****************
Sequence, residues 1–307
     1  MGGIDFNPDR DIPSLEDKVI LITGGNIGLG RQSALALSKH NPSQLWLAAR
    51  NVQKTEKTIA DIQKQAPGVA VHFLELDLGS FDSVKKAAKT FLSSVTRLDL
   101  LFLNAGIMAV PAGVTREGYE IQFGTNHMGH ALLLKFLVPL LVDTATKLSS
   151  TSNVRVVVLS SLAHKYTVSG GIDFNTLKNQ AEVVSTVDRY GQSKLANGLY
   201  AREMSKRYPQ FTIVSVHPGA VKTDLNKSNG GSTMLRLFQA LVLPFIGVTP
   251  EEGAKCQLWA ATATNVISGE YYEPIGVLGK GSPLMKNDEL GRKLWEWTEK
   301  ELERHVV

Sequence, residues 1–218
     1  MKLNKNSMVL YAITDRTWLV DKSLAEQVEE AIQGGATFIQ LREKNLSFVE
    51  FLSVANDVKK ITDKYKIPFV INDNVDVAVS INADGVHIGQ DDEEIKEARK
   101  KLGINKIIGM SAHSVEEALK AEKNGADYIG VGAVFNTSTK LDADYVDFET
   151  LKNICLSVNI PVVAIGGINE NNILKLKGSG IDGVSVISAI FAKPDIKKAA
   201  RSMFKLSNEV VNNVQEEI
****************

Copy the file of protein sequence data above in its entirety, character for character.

Sequence, residues 1–307
     1  MGGIDFNPDR DIPSLEDKVI LITGGNIGLG RQSALALSKH NPSQLWLAAR
    51  NVQKTEKTIA DIQKQAPGVA VHFLELDLGS FDSVKKAAKT FLSSVTRLDL
   101  LFLNAGIMAV PAGVTREGYE IQFGTNHMGH ALLLKFLVPL LVDTATKLSS
   151  TSNVRVVVLS SLAHKYTVSG GIDFNTLKNQ AEVVSTVDRY GQSKLANGLY
   201  AREMSKRYPQ FTIVSVHPGA VKTDLNKSNG GSTMLRLFQA LVLPFIGVTP
   251  EEGAKCQLWA ATATNVISGE YYEPIGVLGK GSPLMKNDEL GRKLWEWTEK
   301  ELERHVV

Sequence, residues 1–218
     1  MKLNKNSMVL YAITDRTWLV DKSLAEQVEE AIQGGATFIQ LREKNLSFVE
    51  FLSVANDVKK ITDKYKIPFV INDNVDVAVS INADGVHIGQ DDEEIKEARK
   101  KLGINKIIGM SAHSVEEALK AEKNGADYIG VGAVFNTSTK LDADYVDFET
   151  LKNICLSVNI PVVAIGGINE NNILKLKGSG IDGVSVISAI FAKPDIKKAA
   201  RSMFKLSNEV VNNVQEEI